Say Aloha! To Hawaiian Red and Black Salts

Hawaaian Red Salt (Alaea)

Indigenous Hawaiians have used sea salt, pa‘akai (“to solidify the sea”), for many generations and for many purposes. Hawaiian sea salt was traditionally used to season and preserve food, as well as for religious and ceremonial purposes, and as medicine.

In Hawaii, sea salt could be collected from rocky shoreline pools. People also cultivate and harveste sea salt on a larger scale through the use of man-made shallow clay ponds, where seawater slowly evaporates, leaving behind crunchy sea salt. Hawaiian red salt is mixed with red ‘alaea clay. The red color comes from iron oxide in the clay.

Hawaaian black salt (sometimes called black “lava” salt) is also made from solar-evaporated seawater. The salt is coated with activated charcoal. There is no actual lava in the salt. The charcoal gives the salt a black color and smoky flavor.


Hawaiian red salt, also known as alaea salt, is sought after for its unique color and texture, richness in minerals, and mild earthy flavor.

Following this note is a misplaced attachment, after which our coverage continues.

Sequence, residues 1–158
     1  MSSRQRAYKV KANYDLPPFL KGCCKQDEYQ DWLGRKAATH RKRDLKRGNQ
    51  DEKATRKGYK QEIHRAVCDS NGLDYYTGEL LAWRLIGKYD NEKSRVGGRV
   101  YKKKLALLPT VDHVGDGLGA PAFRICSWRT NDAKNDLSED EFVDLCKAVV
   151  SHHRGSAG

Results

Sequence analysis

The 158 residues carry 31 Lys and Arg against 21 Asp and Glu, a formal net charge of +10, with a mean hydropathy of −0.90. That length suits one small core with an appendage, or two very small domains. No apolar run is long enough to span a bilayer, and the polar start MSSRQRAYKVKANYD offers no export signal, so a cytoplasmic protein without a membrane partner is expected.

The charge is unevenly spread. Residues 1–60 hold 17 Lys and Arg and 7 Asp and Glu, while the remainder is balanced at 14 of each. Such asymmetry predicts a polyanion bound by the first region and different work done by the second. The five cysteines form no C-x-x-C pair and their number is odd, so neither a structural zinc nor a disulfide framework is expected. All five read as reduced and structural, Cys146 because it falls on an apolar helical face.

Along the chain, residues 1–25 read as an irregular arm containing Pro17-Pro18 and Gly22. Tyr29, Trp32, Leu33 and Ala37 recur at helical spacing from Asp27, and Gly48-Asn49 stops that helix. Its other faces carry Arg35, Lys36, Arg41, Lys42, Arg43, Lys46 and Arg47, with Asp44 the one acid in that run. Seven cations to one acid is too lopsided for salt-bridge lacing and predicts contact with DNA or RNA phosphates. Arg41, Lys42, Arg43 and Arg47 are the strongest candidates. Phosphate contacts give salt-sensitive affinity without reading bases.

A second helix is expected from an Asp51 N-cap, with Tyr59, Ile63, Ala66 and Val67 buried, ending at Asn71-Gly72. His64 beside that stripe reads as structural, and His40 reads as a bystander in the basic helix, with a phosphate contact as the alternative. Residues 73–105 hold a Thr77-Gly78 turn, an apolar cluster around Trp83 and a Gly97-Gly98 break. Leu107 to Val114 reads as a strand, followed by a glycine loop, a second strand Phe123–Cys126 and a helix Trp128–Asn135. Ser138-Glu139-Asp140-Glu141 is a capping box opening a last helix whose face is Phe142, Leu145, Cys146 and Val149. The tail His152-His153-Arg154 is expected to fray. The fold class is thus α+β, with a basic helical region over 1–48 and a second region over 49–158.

Harvested via evaporation from Pacific seawater, gathered from the isolated Hawaiian archipelago, Hawaiian red salt is derived by combining sea salt with native alaea clay. The alaea clay in Hawaiian sea salt contains more than 80 minerals, including the iron oxide [FeO2, ferrous oxide, if you can remember back to high school chem class] that gives Hawaiian red salt its color.

Used as an everyday table salt in Hawaii, Hawaiian red salt ($7.50 for a 1/2 Cup jar) is used in traditional Hawaiian dishes like poke. Hawaiian red salt also goes well with animal proteins like fish, prime rib, and pork loin – and looks lovely when sprinkled on cooked vegetables.

Combine Hawaiian red salt with your favorite herbs, and sprinkle on fish, grilled meats, and vegetables.

Hawaiian black salt, sometimes also called Hiwa Kai, is an excellent finishing salt. It has a slightly nutty flavor, and its coarse crystals add a delightful crunch and subtle saltiness to most dishes.

Harvested via evaporation from Pacific seawater gathered from the isolated Hawaiian archipelago, Hawaiian black salt is derived by combining sea salt with activated charcoal. Hawaiian black salt has a stunning appearance – black and sparkly – and adds a subtle but distinctive flavor to your cooking.

Be careful, when choosing black salt, not to confuse Hawaiian “black lava” salt [which this is] with the sulphuric black salt used in Indian cooking.

Try Hawaiian black salt ($7.50 for a 1/2 Cup jar) as a finish on seared halibut or salmon, or on any dish where its surprising dark crystals [not controlled by Muppets http://www.imdb.com/title/tt0083791/ ] would bring a color and taste contrast.

Alaea salt photo credit: via wikimedia, by Glane